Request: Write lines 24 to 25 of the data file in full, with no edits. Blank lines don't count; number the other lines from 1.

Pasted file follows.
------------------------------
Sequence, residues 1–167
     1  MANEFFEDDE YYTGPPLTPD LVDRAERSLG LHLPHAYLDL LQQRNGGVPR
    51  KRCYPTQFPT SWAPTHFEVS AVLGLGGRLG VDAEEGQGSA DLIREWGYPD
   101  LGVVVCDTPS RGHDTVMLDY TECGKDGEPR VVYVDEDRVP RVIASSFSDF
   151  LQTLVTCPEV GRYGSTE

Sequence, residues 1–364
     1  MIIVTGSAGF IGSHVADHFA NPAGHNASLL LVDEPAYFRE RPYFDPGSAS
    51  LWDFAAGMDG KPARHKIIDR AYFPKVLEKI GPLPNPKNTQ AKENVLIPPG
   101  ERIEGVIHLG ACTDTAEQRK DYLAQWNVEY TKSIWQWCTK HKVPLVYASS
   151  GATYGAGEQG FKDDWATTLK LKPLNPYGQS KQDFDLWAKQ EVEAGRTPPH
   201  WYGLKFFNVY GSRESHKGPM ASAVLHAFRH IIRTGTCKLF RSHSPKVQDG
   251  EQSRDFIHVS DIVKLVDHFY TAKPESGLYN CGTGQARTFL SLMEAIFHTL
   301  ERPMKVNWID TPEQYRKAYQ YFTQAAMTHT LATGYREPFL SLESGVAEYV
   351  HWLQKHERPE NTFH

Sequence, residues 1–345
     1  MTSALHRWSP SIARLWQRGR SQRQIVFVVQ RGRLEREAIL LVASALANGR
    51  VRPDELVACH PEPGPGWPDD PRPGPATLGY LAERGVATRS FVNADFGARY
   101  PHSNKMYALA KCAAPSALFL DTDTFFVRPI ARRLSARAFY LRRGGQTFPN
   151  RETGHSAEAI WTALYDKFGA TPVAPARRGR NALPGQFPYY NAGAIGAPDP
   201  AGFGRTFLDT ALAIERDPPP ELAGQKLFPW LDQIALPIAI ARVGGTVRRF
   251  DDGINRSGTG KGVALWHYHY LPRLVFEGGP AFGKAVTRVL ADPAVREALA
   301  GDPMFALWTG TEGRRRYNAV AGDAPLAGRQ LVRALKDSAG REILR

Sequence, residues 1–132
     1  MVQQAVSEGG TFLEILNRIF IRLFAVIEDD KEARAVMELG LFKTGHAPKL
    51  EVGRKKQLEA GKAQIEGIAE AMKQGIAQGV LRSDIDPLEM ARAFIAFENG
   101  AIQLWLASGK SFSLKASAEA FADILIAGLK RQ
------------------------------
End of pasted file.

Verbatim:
     1  MVQQAVSEGG TFLEILNRIF IRLFAVIEDD KEARAVMELG LFKTGHAPKL
    51  EVGRKKQLEA GKAQIEGIAE AMKQGIAQGV LRSDIDPLEM ARAFIAFENG